# Chinese remainder theorem  Main Article Talk Related Articles  [?] Bibliography  [?] External Links  [?] Citable Version  [?] Advanced [?] This editable Main Article is under development and not meant to be cited; by editing it you can help to improve it towards a future approved, citable version. These unapproved articles are subject to a disclaimer. [edit intro]

The Chinese remainder theorem is a mathematical result about modular arithmetic. It describes the solutions to a system of linear congruences with distinct moduli. As well as being a fundamental tool in number theory, the Chinese remainder theorem forms the theoretical basis of algorithms for storing integers and in cryptography. The Chinese remainder theorem can be generalized to a statement about commutative rings; for more about this, see the "Advanced" subpage.

## Theorem statement

The Chinese remainder theorem:

Let be pairwise relatively prime positive integers, and set . Let be integers. The system of congruences has solutions, and any two solutions differ by a multiple of .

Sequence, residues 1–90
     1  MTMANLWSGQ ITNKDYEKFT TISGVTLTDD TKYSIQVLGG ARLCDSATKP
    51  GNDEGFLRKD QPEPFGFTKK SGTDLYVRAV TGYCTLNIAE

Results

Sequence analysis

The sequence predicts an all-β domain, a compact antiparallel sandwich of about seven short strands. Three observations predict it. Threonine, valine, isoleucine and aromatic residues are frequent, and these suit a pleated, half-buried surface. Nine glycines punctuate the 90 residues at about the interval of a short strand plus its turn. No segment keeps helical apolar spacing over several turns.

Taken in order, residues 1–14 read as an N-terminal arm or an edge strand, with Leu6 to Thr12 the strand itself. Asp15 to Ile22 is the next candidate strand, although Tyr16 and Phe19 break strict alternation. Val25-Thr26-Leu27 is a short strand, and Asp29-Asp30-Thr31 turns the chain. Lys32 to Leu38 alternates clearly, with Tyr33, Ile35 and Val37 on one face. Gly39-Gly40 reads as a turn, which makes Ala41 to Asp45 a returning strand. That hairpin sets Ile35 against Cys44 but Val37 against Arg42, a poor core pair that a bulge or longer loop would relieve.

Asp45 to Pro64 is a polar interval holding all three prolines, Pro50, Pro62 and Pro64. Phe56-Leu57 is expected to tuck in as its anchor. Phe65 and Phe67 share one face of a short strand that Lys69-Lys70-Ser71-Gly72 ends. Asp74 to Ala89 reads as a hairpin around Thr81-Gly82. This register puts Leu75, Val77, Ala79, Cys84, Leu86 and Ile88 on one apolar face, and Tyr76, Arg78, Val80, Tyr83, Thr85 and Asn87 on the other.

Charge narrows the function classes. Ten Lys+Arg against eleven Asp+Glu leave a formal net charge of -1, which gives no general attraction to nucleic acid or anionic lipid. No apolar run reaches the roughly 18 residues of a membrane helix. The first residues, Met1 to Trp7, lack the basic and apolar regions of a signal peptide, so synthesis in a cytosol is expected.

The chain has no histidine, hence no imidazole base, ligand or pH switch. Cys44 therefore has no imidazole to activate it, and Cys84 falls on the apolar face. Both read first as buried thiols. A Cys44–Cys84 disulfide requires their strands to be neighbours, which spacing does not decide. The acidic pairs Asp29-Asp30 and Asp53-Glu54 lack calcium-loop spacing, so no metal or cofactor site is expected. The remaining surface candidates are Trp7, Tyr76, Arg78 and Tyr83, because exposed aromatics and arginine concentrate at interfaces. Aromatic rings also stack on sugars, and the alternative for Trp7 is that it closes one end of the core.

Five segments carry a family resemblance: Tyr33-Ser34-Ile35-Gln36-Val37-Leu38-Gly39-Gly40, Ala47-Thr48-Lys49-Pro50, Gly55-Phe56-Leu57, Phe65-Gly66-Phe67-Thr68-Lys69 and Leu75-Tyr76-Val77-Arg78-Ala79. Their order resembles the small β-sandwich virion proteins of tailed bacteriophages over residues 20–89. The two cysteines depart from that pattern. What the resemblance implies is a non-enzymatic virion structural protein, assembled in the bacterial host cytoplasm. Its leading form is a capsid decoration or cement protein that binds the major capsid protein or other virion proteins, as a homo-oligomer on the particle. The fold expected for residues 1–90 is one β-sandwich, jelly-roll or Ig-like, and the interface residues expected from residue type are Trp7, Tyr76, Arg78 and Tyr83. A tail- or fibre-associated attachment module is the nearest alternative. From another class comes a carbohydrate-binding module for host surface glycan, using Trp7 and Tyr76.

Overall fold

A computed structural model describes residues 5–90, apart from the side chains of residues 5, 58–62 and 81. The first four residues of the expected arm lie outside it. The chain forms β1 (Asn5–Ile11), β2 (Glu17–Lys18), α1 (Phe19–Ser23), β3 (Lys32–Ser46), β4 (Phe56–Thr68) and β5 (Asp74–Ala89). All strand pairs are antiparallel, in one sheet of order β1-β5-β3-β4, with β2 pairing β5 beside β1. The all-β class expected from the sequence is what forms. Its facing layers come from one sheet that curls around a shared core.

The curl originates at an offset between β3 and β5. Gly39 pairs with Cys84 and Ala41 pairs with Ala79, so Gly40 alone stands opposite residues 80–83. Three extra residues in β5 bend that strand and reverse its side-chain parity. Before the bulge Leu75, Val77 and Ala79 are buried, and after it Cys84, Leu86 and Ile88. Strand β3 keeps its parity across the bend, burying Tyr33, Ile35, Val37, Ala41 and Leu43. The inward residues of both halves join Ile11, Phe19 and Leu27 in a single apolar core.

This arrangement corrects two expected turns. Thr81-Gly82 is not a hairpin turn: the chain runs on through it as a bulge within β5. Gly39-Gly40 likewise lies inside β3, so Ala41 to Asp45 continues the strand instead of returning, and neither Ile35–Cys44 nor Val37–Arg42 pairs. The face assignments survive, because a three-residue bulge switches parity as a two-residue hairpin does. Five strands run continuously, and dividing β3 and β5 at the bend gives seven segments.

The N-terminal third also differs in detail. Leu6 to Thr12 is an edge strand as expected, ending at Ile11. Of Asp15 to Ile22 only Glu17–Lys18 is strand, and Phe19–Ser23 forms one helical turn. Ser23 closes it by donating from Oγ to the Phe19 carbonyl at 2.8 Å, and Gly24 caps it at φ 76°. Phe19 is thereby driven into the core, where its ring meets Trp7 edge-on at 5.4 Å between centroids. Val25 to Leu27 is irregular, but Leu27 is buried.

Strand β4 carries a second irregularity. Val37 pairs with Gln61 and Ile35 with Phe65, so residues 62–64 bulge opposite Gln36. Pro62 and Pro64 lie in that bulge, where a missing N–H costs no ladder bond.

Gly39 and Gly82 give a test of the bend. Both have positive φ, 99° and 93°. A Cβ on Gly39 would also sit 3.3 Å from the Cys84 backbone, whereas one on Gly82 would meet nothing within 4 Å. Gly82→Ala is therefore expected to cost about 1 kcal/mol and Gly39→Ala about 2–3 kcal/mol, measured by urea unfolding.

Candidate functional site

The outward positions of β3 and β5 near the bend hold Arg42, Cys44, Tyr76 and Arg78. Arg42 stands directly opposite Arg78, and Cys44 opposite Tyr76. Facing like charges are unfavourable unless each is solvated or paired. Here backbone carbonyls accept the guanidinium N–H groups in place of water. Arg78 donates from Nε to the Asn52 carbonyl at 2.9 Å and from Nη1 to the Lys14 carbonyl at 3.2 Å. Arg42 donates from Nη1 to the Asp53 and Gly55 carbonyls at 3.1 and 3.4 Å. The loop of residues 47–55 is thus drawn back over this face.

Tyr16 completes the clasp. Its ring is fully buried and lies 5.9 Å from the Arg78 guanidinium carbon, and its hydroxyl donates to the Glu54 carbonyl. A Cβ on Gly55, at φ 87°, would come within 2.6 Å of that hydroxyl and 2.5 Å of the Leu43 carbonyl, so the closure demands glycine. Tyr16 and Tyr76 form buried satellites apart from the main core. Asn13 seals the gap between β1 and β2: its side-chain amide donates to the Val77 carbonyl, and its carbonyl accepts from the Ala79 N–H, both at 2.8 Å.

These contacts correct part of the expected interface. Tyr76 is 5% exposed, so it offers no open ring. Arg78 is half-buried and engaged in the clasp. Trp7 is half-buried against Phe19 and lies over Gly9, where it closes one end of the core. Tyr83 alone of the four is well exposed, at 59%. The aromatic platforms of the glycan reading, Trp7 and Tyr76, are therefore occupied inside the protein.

## Methods of proof

The Theorem for a system of t congruences to coprime moduli can be proved by mathematical induction on t, using the theorem when both as the base case and the induction step. We mention two proofs of this case.

### Existence proof

As usual we let denote the set of integers modulo n. Suppose that are coprime. We consider the map f defined by We claim that this map is injective: that is, if then or . Suppose that or . Then each of and divides : but since and are coprime, it follows that their product divides also.

But the two sets in question, the first consisting of all residue classes modulo and the second consisting of pairs of residue classes modulo and , have the same number of elements, namely . So if the map f is injective, it must also be surjective: that is, for every possible pair , there is an mapping to that pair.

### Explicit construction

The existence proof assures us that the solution exists but does not help us to find it. We can do this by appealing to the Euclidean algorithm. If and are coprime, then there exist integers and such that and these can be computed by the extended Euclidean algorithm. We now observe that putting we have